What I (re)learned from this is my memory of books I have not read in twenty-three years can be unreliable.
As related in long flashbacks told by Mary Hope decades after the apocalypse, all the extra gadgets of Next Sunday AD didn’t save millions of West Coasters from being killed and displaced by the Big Quake and the might of the federal government is unable to deal with the roving gangs preying on travelers. On the upside, the disaster and its aftermath is a welcome distraction from the environmental effects of overpopulation and the way lethal Lassa fever is ripping through populations across the world, with twenty million dead in the US alone.
Mary just wants to move to her aunt’s isolated cottage in the Pacific Northwest but after surviving a Rover ambush all she finds waiting for her is a ruin. She does manage to make friends on the way, some of whom even live, and so while she doesn’t get the bucolic life she was hoping for, she gets a bucolic life and a new best friend, Rachel Morrow.
Mary also gets to be not in Portland or any other big city when the great nations manage to make a bad situation worse when a minor crisis over trespassing fishing vessels spirals into a sudden massive exchange of nuclear weapons. In an instant, all electronic devices stop working. In the hours that follow, firestorms depopulate cities; those who survive are then confronted by fallout, an NOx-depleted ozone layer and nuclear winter.
Mary and Rachel survive mainly because of dumb luck: they’re not in a fallout zone and Rachel has enough stores to last out the nuclear winter (and her animals survive despite the two women hiding in a cellar for weeks). Emerging, they find an empty world but they are least can scratch out a living far from the deserts that used to be cities. It’s not much of a garden of Eden but it is much better than the alternatives.
The serpent comes to the garden in the form of a man named Luke, who is amiable, friendly, attractive – at least to Mary – and enticing. He’s also the emissary of a community of survivors desperate to add to their depleted numbers; they were lucky and inadvertently prepared enough to survive the war but unlike Mary and Rachel they were not spared as many of the after-effects. Although it means leaving Rachel, love-smitten Mary agrees to accompany Luke.
The catch is Luke comes from a religious commune run by a charismatic head-case called the Doctor. While some of the cultists are nice people, the Doctor always gets his way in the end. Mary tries her best to set aside the fact that she is living with with religious lunatics but in the end, she is forced to flee back to Rachel.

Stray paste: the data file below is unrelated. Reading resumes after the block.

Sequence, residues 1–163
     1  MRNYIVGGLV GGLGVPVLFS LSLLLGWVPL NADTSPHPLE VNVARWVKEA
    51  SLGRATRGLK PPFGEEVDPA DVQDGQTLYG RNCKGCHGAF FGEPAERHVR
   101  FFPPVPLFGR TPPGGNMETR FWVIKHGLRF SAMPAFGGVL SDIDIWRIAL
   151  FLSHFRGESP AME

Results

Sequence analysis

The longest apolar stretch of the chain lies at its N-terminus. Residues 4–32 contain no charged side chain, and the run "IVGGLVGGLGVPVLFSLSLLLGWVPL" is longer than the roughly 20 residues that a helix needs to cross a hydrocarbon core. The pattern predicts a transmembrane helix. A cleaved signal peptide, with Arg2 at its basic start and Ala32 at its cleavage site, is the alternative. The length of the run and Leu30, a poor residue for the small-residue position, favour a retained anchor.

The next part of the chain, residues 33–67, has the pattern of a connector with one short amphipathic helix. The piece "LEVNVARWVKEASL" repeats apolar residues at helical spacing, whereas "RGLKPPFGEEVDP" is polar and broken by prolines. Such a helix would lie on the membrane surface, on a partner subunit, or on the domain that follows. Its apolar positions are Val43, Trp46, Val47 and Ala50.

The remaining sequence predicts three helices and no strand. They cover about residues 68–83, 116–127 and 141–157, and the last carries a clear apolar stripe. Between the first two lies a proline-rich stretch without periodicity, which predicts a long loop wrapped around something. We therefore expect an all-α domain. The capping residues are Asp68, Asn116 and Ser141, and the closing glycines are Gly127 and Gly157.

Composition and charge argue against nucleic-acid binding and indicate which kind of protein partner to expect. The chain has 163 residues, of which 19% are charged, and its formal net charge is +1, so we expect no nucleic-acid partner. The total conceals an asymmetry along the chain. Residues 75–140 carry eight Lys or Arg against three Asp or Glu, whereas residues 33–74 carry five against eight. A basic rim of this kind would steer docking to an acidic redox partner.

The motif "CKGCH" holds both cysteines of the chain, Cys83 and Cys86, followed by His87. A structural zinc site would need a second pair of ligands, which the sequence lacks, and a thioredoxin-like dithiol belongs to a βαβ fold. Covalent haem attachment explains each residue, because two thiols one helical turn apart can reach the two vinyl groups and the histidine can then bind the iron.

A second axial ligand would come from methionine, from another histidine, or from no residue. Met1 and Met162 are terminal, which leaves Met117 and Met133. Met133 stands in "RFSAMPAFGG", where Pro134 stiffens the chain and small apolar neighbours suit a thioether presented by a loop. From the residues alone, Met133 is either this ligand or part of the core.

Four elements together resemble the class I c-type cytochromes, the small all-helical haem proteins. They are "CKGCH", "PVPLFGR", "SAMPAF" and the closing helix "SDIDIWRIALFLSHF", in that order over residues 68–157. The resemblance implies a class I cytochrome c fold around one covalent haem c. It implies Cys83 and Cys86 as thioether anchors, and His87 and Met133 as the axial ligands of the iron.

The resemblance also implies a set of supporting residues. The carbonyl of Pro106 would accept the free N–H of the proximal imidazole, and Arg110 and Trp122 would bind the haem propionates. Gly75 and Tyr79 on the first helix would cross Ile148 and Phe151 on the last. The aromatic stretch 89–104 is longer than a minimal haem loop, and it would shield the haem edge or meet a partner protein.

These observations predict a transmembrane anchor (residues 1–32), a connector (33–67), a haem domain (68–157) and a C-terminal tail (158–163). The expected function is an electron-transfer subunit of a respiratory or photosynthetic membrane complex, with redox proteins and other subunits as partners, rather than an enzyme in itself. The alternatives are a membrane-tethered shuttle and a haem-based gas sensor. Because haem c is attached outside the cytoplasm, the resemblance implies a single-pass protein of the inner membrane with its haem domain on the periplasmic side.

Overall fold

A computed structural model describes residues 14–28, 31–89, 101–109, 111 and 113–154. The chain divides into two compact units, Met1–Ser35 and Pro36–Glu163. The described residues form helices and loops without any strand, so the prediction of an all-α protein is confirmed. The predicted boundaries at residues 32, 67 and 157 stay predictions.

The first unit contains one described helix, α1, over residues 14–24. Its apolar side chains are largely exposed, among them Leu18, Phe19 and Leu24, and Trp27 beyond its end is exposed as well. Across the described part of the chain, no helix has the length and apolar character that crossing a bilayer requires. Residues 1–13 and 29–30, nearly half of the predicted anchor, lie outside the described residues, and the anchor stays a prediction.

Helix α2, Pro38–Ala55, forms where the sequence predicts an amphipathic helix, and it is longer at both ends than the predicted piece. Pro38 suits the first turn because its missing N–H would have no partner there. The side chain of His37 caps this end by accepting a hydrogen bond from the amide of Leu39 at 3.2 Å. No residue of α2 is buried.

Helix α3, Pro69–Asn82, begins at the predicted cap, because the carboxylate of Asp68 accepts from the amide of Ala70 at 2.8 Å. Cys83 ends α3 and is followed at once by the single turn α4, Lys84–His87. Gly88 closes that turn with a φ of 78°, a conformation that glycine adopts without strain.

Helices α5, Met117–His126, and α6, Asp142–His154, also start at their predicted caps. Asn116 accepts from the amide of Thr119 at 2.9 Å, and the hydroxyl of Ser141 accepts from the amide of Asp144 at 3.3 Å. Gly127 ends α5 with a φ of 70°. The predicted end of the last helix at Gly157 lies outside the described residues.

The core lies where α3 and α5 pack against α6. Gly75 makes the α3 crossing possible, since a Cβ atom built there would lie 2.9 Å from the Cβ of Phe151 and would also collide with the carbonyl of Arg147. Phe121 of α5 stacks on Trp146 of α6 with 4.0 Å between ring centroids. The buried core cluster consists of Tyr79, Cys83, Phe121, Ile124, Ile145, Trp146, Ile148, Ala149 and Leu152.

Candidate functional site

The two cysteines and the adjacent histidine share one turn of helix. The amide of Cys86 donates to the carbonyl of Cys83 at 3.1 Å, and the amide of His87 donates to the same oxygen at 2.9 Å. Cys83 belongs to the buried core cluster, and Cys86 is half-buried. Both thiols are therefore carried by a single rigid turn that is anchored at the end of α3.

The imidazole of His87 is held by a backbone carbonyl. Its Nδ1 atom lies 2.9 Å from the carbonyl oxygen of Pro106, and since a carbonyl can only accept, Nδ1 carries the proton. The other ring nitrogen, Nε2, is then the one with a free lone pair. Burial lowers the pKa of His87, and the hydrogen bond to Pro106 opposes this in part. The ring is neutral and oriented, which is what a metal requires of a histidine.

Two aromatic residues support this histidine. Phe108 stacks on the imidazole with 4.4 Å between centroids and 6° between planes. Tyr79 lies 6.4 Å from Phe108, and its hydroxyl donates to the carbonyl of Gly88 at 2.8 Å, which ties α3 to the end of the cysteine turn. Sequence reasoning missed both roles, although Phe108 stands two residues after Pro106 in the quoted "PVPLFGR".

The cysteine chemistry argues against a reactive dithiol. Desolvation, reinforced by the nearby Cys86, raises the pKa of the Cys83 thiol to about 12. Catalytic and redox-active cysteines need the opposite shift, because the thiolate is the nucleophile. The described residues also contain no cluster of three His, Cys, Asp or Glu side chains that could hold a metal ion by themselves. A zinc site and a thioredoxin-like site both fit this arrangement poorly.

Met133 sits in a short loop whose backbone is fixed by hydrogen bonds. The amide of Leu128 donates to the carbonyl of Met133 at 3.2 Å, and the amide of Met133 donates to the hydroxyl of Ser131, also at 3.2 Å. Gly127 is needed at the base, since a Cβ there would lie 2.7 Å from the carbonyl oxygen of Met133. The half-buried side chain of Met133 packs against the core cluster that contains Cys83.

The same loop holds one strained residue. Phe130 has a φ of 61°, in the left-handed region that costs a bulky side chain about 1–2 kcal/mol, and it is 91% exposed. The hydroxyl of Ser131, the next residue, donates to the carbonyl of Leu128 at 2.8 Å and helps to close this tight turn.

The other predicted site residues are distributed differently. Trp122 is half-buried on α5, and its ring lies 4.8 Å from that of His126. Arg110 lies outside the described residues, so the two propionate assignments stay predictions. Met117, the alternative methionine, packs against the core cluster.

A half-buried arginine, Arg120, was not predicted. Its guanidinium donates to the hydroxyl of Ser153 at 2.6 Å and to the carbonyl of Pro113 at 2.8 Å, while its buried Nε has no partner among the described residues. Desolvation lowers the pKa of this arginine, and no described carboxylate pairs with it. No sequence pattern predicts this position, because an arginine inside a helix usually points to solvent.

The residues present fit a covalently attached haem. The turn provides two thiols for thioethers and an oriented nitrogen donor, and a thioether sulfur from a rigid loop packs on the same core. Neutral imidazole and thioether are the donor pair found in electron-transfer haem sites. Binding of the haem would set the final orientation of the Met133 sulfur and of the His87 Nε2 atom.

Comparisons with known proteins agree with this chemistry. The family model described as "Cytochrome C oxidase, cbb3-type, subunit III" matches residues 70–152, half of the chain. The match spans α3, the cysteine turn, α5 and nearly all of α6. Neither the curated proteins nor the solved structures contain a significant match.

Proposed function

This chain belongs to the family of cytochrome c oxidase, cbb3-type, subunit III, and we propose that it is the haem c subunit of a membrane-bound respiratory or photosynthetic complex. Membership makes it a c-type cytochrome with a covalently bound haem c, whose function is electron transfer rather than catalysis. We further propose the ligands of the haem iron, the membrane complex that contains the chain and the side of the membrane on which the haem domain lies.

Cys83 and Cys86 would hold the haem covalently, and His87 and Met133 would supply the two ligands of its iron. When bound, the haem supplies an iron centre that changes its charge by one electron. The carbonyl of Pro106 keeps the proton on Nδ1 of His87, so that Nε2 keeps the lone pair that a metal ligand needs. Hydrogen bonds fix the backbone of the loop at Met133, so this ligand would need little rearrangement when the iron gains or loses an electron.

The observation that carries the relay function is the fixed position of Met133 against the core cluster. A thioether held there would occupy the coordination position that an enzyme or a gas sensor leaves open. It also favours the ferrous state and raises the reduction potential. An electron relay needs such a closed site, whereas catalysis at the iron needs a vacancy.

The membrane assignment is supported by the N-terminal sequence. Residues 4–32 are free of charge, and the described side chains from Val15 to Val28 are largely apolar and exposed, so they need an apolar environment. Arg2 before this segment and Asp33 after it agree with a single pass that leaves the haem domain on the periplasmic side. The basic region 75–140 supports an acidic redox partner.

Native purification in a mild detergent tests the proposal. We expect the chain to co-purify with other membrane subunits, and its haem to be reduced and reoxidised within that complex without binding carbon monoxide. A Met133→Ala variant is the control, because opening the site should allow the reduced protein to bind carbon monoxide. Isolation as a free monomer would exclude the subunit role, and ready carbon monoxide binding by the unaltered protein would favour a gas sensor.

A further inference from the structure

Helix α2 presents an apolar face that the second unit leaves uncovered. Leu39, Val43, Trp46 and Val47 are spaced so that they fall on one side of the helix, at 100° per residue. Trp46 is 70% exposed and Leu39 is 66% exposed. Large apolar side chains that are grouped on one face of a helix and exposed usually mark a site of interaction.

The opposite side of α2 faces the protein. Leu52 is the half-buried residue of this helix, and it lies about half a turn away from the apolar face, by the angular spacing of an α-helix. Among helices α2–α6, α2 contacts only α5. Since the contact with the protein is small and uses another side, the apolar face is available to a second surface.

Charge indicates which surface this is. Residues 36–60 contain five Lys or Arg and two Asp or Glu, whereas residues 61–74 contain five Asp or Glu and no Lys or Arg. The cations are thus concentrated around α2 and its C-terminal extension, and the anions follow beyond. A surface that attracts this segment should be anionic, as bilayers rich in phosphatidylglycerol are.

Years pass. Terrible tragedies of the sort one can expect in a low tech, post-apocalyptic setting thin out the cast of characters but also allow an accommodation between Mary and the remaining survivors from the commune. Over the years Mary observes with concern as a well-meaning fanatic named Miriam seizes ever greater control of the community, mainly because nobody is rude enough to say no to her. Matters finally come to a head when Miriam, resolves to destroy what she sees as the most significant reminders of sinful ways: Mary herself and Rachel’s trove of books, the last known remaining library on Earth.
The detail I completely remembered incorrectly is how the confrontation over the books plays out. [rot13ed for spoilers] V gubhtug Zvevnz znantrq gb oybj hc naq ohea gur obbx ercbfvgbel, jura va snpg fur snvyf. To make up for that, the person Miriam manages to kill is the community’s sweet simpleton, whose cognitive deficits make them the sort of person the whole community would feel protective toward.
The run up to the war is pretty standard Population Bomb married to Limits to Growth stuff, and the details of the nuclear war – the EMP, the nuclear winter – help establish when the book was written. Interestingly, the Russian – US relations don’t; this could as easily have been written in 2000 as 1990. There are a lot of late Cold War books that ended up with egg on their face when the Soviets folded but this really is not one of them.
This does add an interesting twist to the moralizing about the sins of humanity, which is that in Rachel’s view monotheism is to blame for many of the ills of civilization, as it – somehow- drove a wedge between humanity and nature. Luke and his fellow believers don’t do much to make a case that their kind is not an inherent threat, no matter how pleasant they are on an individual basis. Of course, that was entirely within the author’s control.
Speaking of things under the author’s control, I couldn’t buy into the Mary/Luke romance. It has to happen for the plot to work but it always felt forced to me.
In recent years, I’ve been sent for review a number of books I will diplomatically call “Civilization fell! Thank Goodness!” books. Varley’s Slow Apocalypse is a good example: it’s kind of sad billions of people died but at least kids are not always on the twitter anymore, community theater is coming back and women know their place again, which is birthing babies with the best of 19th century technology. Oddly, most of these books seem to be written by men of a certain age, the Heinlein juvenile demographic, if you know what I mean.
Wren takes a much darker view of the collapse of civilization; the lost world – earthquakes, plagues and all – is called the Golden Age and only a lunatic would see the world Mary now lives in as an improvement. Mary and her companions now live on the ragged edge of survival. Without modern medicine it is all too easy for a minor mishap to spiral into fatal infection. It is not at all clear if the survivors can replace themselves fast enough to avoid sliding into extinction. On the whole, I prefer Wren’s take on apocalypse to Varley’s; the end of the world not something to celebrate.